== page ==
Feb 19, 2013

Lily Aldrin is the Subtle Centerpiece of 'How I Met Your Mother'


By Josh Oakley


Even in the waning seasons of How I Met Your Mother’s life, the show has been able to pull out a number of classic episodes. It seems as if the sitcom understands it isn’t quite as funny as it used to be, and the build-up to the “meeting of the mother” is no longer enough dramatic tension on its own. In the middle of season six, Marshall’s dad passed away, providing Jason Segel with his best acting work to date in “Last Words”. Barney has evolved slowly, though the brunt of this came in the story arc where he met his father and reassessed his relationship with Nora. Cobie Smulders proved that her part in The Avengers is likely only the beginning of a large post-HIMYM career in the brilliant season seven episode “Symphony of Illumination”. Ted of course, has had his moments throughout the show’s run. And then there’s Lily.


Lily has often been the least-utilized character in the show’s main arsenal, largely acting as a catalyst for others' actions (normally Marshall’s). This isn’t to say she is a poorly developed character; rather, she is the mother of the group, and as such, is less likely to act wildly. She’s had more than her share of quality humor, and nice dramatic moments as well, over the years. But perhaps her greatest character arc, leaving Marshall and then returning, focused mainly on the way it affected Marshall (and, in the excellent episode “How Lily Stole Christmas”, Ted). Another HIMYM classic, “The Front Porch”, gave her more development, but still sidled back to Ted as its focus.

Again, none of this is a fault per-se, at least not on the large scale. Lily is a delightful character that I’m exceedingly glad to have had in my life these past eight years. Alyson Hannigan is a terrific actress that has turned all of this work into a performance that will be remembered alongside the rest of the casts'. This season is making sure of that.

Lily hasn’t been given a knockout episode, or arc, like those mentioned above, which really is a shame. And at the conclusion of this week’s episode (“The Ashtray”), I’m worried she may never receive one. If not, at least we have the beautiful work that Hannigan gave in both this episode and “Band or DJ?”. She may not have had the acting showcase that Segel had in “Last Words”, but she utilized every second of dramatic screentime that she was given.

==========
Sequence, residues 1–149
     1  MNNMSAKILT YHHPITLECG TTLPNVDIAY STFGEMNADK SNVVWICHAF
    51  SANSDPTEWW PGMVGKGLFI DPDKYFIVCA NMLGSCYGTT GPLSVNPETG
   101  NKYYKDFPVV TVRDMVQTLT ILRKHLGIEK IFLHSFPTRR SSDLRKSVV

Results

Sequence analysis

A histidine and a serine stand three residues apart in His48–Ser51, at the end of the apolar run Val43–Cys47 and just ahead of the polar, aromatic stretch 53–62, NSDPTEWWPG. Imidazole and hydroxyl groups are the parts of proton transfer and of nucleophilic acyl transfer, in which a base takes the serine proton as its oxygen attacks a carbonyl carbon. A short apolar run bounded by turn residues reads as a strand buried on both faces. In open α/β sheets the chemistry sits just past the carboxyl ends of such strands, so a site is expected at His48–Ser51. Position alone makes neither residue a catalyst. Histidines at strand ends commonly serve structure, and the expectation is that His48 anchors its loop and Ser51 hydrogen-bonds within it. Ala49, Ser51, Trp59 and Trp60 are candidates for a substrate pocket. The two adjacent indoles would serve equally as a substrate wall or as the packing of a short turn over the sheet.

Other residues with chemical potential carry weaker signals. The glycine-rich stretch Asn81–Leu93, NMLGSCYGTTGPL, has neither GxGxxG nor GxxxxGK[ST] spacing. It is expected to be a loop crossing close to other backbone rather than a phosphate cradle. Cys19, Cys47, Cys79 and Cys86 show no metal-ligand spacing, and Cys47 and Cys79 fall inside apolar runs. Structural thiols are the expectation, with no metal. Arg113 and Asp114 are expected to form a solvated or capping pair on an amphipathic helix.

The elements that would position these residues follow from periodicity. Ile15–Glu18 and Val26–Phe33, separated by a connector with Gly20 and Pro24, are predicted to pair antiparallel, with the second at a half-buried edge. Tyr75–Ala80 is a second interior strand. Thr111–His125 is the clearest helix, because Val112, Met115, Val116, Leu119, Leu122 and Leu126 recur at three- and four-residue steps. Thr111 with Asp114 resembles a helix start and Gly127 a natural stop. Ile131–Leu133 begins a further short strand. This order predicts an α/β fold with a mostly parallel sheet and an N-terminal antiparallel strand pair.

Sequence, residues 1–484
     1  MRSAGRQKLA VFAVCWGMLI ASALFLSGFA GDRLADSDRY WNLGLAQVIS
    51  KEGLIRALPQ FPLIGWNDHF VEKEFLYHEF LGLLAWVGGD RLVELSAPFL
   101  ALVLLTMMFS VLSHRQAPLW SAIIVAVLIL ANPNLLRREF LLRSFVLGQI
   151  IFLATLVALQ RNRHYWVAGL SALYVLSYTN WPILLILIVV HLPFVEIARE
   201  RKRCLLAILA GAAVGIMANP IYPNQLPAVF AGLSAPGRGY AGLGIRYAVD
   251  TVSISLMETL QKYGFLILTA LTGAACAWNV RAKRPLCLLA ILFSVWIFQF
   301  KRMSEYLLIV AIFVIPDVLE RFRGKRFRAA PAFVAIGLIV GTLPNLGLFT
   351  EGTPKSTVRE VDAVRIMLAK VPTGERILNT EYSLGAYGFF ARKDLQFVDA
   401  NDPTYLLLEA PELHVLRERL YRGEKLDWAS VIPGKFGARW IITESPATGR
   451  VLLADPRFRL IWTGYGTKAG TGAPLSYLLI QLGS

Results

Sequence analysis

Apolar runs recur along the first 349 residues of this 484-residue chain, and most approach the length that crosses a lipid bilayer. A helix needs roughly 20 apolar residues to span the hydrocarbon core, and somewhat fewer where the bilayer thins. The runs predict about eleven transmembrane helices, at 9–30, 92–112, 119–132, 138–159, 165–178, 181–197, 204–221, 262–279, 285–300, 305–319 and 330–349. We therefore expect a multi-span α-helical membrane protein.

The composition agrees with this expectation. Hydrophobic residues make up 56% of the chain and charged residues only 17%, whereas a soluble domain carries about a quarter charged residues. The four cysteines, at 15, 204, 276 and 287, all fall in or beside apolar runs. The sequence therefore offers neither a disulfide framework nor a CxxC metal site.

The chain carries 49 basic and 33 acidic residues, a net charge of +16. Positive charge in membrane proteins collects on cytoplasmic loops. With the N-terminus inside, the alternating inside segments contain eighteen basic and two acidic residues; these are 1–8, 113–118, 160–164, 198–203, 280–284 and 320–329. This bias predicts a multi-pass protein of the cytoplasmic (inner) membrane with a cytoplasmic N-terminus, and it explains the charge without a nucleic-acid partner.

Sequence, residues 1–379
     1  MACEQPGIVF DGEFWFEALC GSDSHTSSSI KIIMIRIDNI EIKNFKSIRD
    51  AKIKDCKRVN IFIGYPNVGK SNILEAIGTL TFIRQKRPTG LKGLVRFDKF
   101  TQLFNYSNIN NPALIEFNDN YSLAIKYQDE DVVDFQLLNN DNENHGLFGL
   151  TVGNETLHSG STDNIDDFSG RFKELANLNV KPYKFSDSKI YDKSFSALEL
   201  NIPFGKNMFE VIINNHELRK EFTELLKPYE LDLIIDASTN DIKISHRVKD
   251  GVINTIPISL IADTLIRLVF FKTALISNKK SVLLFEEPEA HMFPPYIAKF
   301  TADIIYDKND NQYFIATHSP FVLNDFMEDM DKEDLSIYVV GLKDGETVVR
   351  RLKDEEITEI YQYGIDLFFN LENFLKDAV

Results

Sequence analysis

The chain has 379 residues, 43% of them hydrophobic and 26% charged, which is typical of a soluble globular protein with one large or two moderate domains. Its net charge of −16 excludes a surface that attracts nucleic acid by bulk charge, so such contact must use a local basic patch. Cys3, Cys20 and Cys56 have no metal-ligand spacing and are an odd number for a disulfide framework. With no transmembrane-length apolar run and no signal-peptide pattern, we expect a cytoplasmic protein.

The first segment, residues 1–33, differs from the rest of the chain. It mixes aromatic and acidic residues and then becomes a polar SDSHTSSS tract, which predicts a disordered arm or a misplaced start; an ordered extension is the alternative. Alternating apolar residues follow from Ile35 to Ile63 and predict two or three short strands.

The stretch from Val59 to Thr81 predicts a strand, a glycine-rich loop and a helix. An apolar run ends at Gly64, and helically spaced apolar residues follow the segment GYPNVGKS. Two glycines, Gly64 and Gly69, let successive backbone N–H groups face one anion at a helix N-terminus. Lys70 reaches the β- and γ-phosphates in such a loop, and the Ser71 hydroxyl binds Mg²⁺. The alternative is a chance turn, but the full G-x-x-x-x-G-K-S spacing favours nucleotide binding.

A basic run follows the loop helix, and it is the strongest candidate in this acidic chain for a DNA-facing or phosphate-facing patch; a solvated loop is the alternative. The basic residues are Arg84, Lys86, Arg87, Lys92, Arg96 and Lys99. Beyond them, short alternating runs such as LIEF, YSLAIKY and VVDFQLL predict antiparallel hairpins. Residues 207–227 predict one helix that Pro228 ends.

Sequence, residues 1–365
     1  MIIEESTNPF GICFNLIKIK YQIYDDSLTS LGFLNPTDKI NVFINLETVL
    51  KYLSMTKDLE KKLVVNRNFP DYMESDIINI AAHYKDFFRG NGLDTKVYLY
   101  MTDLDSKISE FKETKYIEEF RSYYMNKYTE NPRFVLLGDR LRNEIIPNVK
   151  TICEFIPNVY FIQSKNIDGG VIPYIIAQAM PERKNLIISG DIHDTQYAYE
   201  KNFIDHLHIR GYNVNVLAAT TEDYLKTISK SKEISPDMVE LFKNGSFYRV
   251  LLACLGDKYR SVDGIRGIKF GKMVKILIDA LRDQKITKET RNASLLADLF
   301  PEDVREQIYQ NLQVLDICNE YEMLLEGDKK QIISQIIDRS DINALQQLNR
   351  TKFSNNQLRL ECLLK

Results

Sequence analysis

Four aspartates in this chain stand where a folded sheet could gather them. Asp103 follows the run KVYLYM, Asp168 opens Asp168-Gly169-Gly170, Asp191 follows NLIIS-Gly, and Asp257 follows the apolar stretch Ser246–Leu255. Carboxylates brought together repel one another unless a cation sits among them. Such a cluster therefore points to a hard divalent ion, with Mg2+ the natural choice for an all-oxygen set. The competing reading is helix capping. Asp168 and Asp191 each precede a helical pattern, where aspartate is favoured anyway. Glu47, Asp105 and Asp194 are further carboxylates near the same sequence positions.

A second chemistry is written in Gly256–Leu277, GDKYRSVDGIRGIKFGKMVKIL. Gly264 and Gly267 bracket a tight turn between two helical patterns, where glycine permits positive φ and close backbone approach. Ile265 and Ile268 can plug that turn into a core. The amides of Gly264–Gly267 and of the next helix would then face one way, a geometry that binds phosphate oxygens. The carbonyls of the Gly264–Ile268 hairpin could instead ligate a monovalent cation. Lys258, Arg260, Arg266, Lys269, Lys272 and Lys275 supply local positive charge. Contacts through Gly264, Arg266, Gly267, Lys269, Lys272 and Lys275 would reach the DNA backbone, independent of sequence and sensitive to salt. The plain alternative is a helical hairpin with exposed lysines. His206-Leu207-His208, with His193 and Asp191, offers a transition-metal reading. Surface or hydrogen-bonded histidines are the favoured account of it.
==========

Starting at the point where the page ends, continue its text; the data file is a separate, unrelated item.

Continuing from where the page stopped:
To give the writers credit, the challenges facing Lily come not out of the blue. She ran away from the love of her life at the end of season one, and while that was resolved in the short term, we know that didn’t “fix” Lily as a whole. See, Lily is terrified of growing old and never achieving the things she dreams of. That may not seem as meaty of material as losing one’s father, meeting’s one father, or finding out one can never have children, but Hannigan is proving otherwise.

In “Band or DJ?” Lily confesses to Ted that sometimes she wishes she hadn’t become a mother. It’s an electric moment of brutal honesty, one few network sitcoms have ever come close to pulling off. It’s not that she hates her child, nothing as easy as post-partum depression (easy, of course, in a writing sense, not in an actually-having sense). Lily is a painter, she’s an artist, or at least she was. Now she’s tied down. She’s tethered by a child she loves, but she is tethered nevertheless.

“The Ashtray” expands upon this, and seemingly resolves it. Lily fully admits to Marshall that she worries that her best, most exciting days are behind her. Marshall assures her that this is untrue. Lily retorts that at some point, in every person’s life, they have more great days behind them than those that lay ahead. While the story resolves with Lily gaining a job in the art world, that doesn’t erase the truth behind those words. It is a brutal reality, one that all of these characters, and all of us, are confined to. For the most part, good things remain for us in the future. But not, necessarily, better things than those that have already passed. At a certain point, we’ve seen our best days.

Lily is a perfect vehicle to explore this theme, as she left her passion behind to be a wife and mother. There is nothing at all inherently wrong with this, unless it has unsettled her, as it clearly has. These characters are only in their early-mid 30’s. Of course they have great years ahead of them. But Lily fully realizes that if she doesn’t find her way back to art, and painting, she may find those years disappearing quickly. Love and family is one thing, a thing this show is about. It is a thing only Ted does not yet have (but as we’ve known from the opening moments of the show, he will have). It is a major part of life, but not the only part. The characters of HIMYM have run up against career roadblocks previously, but at this point, they are pretty much settled in that field. Ted has his teaching job, Marshall is on his way to being a judge, Robin has found a home in news and Barney is, well, Barney. But while Lily loves teaching kindergarten, she had to leave a piece of herself behind.

All of the characters, besides Lily and Marshall, found career stability (that happened to link with their passion) before marriage. Marshall has spent much of the past few seasons going from Barney’s work to an environmental firm, and is now on his way to something new and exciting. Lily hasn’t had that, until now. I do hope the show isn’t done with her journey. Because right now, Lily’s story is hitting the main theme the show should be focused on: What happens when he settle into what the rest of our life will be? Or, if that question is too terrifying to answer: how do we remain happy while making sure that that settling never fully happens. Lily has always wanted to follow her dreams. May she, and may everyone else.

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